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There is a heavenly sweetness in the tune Paul Nthoroane blurts from his soprano trumpet - and a good chance too that this gem could be lost forever in the desert air of the barren plains of Maboloka and Hammanskraal, north of Pretoria.
This is the story of a gifted but under-exposed trumpeter who yearns for a better and bigger stage.
He wants to break into the big time, far beyond his current rural confines.
At 32, Nthoroane has all the positive attributes - he knows how to play the trumpet; he is affable , enthusiastic and ambitious. Above all he is hungry for success.
His style is a freely articulated high pitch that he masterfully lowers to soft notes and then hits the crescendo again, piercing soulfully deep into the heartstrings of the listener.
Funerals are sombre occasions. It was here, ironically, that Nthoroane caught the ears of many among the mourners and lifted bereaved spirits in the process through the melodic tune of his trumpet, playing with the brass band he leads.
He is well-known in the Maboloka-Hammanskraal circles; he has entertained at weddings, birthdays, tombstones, funerals and even in the church.
Incidentally, he grew up in the church where the late Bishop Paul Mpou Nthoroane, his father, marshalled the young followers to be part of the church brass band. Nthoroane was 15 then, and ever since that time his life has centred mostly around playing Diprompeta.
"I don't see myself doing any other thing at the moment, except play music," says Nthoroane.
He feels geographically limited too, confined to Maboloka near Brits, his current abode, and his birthplace of Hammanskraal, where he has assumed the cult status of a village celebrity in the rural settlements of Mogogelo and Temba.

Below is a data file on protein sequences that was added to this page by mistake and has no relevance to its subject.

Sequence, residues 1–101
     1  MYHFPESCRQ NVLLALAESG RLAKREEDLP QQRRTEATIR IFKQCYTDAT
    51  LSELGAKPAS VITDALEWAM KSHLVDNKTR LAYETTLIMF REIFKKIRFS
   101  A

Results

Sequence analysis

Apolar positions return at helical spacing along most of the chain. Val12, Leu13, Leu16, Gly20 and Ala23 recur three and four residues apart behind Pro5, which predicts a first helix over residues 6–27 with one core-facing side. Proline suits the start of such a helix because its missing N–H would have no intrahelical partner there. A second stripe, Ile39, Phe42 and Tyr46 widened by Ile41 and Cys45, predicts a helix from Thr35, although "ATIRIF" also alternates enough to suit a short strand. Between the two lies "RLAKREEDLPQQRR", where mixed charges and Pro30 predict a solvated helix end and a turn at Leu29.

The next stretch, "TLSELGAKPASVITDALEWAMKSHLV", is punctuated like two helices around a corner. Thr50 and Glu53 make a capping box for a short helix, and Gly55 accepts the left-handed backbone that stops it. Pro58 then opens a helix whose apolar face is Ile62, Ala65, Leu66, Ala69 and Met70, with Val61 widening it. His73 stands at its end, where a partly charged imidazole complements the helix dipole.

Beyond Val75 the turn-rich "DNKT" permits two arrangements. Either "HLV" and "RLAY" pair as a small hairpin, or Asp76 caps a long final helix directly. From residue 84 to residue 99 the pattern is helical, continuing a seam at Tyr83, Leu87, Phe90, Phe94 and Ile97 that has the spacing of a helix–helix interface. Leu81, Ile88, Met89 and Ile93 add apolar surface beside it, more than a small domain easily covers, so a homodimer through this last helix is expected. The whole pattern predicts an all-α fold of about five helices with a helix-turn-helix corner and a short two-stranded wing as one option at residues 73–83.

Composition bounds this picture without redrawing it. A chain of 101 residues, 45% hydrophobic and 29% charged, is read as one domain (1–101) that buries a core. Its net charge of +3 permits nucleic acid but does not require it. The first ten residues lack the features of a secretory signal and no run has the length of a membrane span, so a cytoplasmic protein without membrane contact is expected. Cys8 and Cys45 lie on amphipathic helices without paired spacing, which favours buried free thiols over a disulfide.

The furthest he's been to play with his band is Mafikeng and some fringe towns in greater Johannesburg.
Brass bands can be insipid in their offering, but not so with his troupe, The St John's Brass Band, and there is a very good reason for this: Nthoroane has some music certificates from the University of South Africa and the Trinity School of Music in the United Kingdom under his belt through correspondence.
This has helped refine his trumpet skills, and has also helped define him, maybe. People say the band without him is like a Hugh Masekela concert without the septuagenarian.
But Nthoroane appears to be his own man, and is determined to establish his own identity and trademark.
Apart from the Masekela mimicking bit, he also draws his influence from the New Orleans circuit, meaning he can combine all influences to carve his own style.
He is at home with most music genres, including mbaqanga, gospel and the so-called African jazz.
The line-up of trumpeters of note is an endangered and ageing species in South Africa, and some retooling and an infusion of fresh young blood is in urgent need.
But there is still a chance for Nthoroane: remember how South Africa almost never got to know of one Teko Modise, the Orlando Pirates and Bafana Bafana star midfielder? The soccer genius was drawn to our attention at a late age.
The story sounds disturbingly similar and Nthoroane, like Modise then, is crying out for a mentor, someone to show him around the bright city lights of Johannesburg where it is all happening and will happen for him, hopefully.